I thought, okay, you know, you have positive and negative on on a battery and there’s, you know, you have both and they both coexist, you know. So I kind of thought we have the bad and we have the good. It has to be a balance. And and and my my my sort of overall outlook was that I wanted I wanted to live my life doing as much positive as I could so that like when that time came that the majority of it was positive and, and the least amount was negative, and that to me was, was spiritual life, you know, and and I kind of quit searching at that point and I felt like, okay, this is it for me. This is where I am. Well, then, you know, I ended up getting married and and had had a child and my daughter and my wife and I, when we went to on a trip to Canada to visit her family, I was at the highest weight that I had ever been. I’ve always been a big guy. I’ve always been overweight, six foot four, you know. So I’ve always been big no matter what. And and by the time I had gone through marriage and all of this stuff, I kind of had gained a lot of weight. And I was as big as I’d ever been. And I, I felt really unhealthy, and I felt like my days were numbered. You know, and and when we went to this on this trip to Canada was a vacation. It was in the summer, believe it or not. A lot of people think Canada’s cold. It’s hot in the summer. No, we we went and and everything about the trip was was a problem for me. You know, everything about the trip highlighted the fact that I was unhealthy. I was hot constantly. I was I was uncomfortable constantly. You know, the flight I could barely fit in the plane seat. I had to ask for the seatbelt extender. And, you know, all of these things that made me really unhappy about my size and and plus, I just didn’t feel good either, you know, I felt unhealthy. And my dad died at age 59 from cancer and other health issues as well to do with weight as well. My my mom also died later on but but also from health issues and and so I kind of felt like I was on a I was on a very short timetable and I felt like I’d be lucky if I lived a few more years. But I had a really young daughter and I, I didn’t know what else to do. I had tried everything and nothing had ever worked. And and it also wasn’t on my mind, like I wasn’t looking for anything. I had kind of resigned myself to the fact that I was probably going to die young. And and on that trip, I woke up one day and I went to a bookstore, and there’s a whole story with my family about making me mad with that. But my mother in law would not give me a ride to the bookstore. She said, You need the exercise, you know. And she she was right. Was also wasn’t the nice way to do it. And um, and I went to, I went, I said, okay. And I walked down to this bookstore in August and and I was just, you know, drenched with sweat by the time I got there. And for me, like, kind of like my lowest point in life ever that I felt bad about myself. And I don’t I’m not a kind of person who typically feels bad about himself. So for me, this was unusual. But I went to this bookstore, I got there and I was soaking wet with sweat, and I went to the bathroom and I’m standing in the stall and I’m take off my clothes and I’m flapping my clothes trying to dry them off, you know, and and I was like, God, this is just not a way to live, you know? And and the reason I was going to this, bookstores, I love books, but also they had a Starbucks and I was going to get my Frappuccino and my chocolate chip cookie, you know, and as I came out of the bathroom and headed for that Starbucks there, as I passed by an end cap of books, and there was this white cover book with a slice of an orange on it, and it just said, savor mindful eating, mindful living. And I don’t know why that caught my attention. I don’t know why I even bothered picking it up. And, you know, I don’t know. But I picked up that book and I saw it was by this Buddhist monk and a Harvard nutritionist. And and I took it to the table with me, got my Frappuccino and my chocolate chip cookie. And then I sat down and I read half of the book during that set. The next day I came back and did it all over again and read the other half. Then I bought the book and took it home with me. And that book saver by Tickner Hahn and Dr. Lillian Cheung was my first introduction to mindfulness and the Dharma. And it also was my first introduction to mindful eating, which ended up, I’m convinced, ended up saving my life. I think I would have been dead already had it not been for that. So that was my first foray into it. And not only did it introduce me to mindful eating and mindful living, but but it introduced me to the four noble truths and the Eightfold Path and all of that. And, and unrelated to the food. When I read the Four Noble Truths, which essentially puts it, put it in the frame of food, but it said something like, you know, there’s a root, there’s a problem, acknowledge the problem. And then I said, you know, there’s a there’s a root cause for this problem. Find that root cause and identify that. And then it says, and there’s a solution, recognize that there’s a solution. And the root of the path for that solution is the eightfold path. And I kind of read that and I went, you know, my whole life, except for when I was on the road with a band. I’ve always worked in the technology world and and I’ve always been a tech support type person solving technical problems. And I read The Four Noble Truths, and I was like, This is a problem solving recipe. You know, it’s a it’s a it’s a a framework for solving problems. And I was like, this is what I’ve been doing my whole life. I’ve been doing this. So I felt like I had found a name, Buddhism, for what I had been my whole life and that thing that I had been seeking my whole life, that spiritual ity that I had been seeking when I was going to all those churches and all of that, it was already something I was doing. I just didn’t know that it was a thing, you know, and and finding that name for it and finding kind of the explanation of how it works, like what I’m doing is already a successful thing. I just need to learn more about it. And, and I felt like I had found that and that was, that was my introduction to the Dharma. And I just fell hook, line and sinker for it. And, and I’ve been practicing the Dharma ever since. That was 2010. That was July 3rd, 2010. And I remember the day of that trip, you know, but and been practicing ever since. So so I guess we’re coming up on 13 years now. My first year of practice was out horn style because that was my introduction to it, maybe almost two years and then and then slowly in that second year, I sort of discovered the Dharma punk scene and all of that, which is used to be called the Against the Stream Buddhist Meditation Society.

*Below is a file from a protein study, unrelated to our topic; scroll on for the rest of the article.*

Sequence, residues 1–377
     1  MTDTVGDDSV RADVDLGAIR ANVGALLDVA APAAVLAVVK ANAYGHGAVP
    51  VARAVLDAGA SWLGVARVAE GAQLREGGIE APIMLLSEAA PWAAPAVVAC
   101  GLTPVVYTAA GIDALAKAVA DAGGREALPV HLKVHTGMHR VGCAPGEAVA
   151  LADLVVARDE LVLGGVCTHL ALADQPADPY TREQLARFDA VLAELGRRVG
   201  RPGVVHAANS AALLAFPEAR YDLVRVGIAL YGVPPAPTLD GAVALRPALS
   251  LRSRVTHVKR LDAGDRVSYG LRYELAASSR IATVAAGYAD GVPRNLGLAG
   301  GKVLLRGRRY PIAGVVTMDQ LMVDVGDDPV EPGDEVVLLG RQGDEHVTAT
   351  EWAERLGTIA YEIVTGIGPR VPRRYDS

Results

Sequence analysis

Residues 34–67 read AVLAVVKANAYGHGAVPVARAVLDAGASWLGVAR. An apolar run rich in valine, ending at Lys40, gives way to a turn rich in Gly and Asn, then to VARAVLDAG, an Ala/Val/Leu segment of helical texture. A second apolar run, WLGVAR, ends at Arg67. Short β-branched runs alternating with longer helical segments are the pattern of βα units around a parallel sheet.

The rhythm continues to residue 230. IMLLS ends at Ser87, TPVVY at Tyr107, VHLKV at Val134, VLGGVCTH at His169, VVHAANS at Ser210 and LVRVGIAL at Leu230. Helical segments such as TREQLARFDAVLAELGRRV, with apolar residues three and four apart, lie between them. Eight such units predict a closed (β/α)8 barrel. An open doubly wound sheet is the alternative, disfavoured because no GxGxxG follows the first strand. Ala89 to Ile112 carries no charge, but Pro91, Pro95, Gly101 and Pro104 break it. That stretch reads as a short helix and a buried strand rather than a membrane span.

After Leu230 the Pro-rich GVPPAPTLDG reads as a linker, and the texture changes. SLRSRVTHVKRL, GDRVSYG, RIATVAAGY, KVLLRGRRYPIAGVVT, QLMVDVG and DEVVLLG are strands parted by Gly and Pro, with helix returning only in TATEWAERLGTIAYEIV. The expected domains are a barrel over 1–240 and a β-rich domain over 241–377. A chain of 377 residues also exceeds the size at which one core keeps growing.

And I kind of discovered that that sangha, which at that time was pretty big and growing quickly and and when I went there and I love the horn, you know, sangha, the whole the whole thing was very beautiful, very lovely and sweet and kind and gentle and all these wonderful qualities and, you know, I loved that. But at the same time, when I walked in to and against the Stream Sangha at that time, and it was a bunch of people who looked the way that I felt, you know, like in the rock and roll music or punk rock music and things like that, rap and all that. People who cussed, people who are who dress the way that I dress, you know, and stuff like that. It just, it just had a whole different flavor to it. And then I really like that. And I started getting into Theravada and teachings and, and for a long time I kind of cherry picked the things I liked from those kind of the way I did from spirituality in my early life. And, and eventually I kind of understood this, this idea that I kind of understood this idea that if you you can cherry pick those things if you want to, and that’s fine. But but that if you really, really want to learn the most, you kind of it’s helpful if you go deep with one tradition. And the way that I learned that was basically someone said, you know, it was a teacher that said it’s okay to cherry pick, but if you pick and go deep with one, you’re going to learn things that you won’t learn any other way. And and it’s also a way of like honoring that tradition and keeping that tradition alive, you know? And so the way that I picked it up was it doesn’t even matter which tradition you choose. Choose the one that you feel the most identified with, but really, really go deep. And then if you still want to cherry pick things from other practices, do that. And that’s kind of what I’ve done. I, I consider myself Theravada and I practice primarily to serve out in practices, but when I like something from another tradition, I’ll practice that as well. Recently and I’ve been going through this training program called the Dharma Chariot Program with Heartwood Refuge in North Carolina. And they they’re sort of a triple lineage training. The the teachers. There have been ordained in all three traditions. So so they kind of teach from all three and one of the things that we did was we did a month where we practice the long phrases from Tibetan, Tibetan mind training and and I really, really loved it. And now I do that every day, even though it’s not Tibetan is not my practice, you know, so.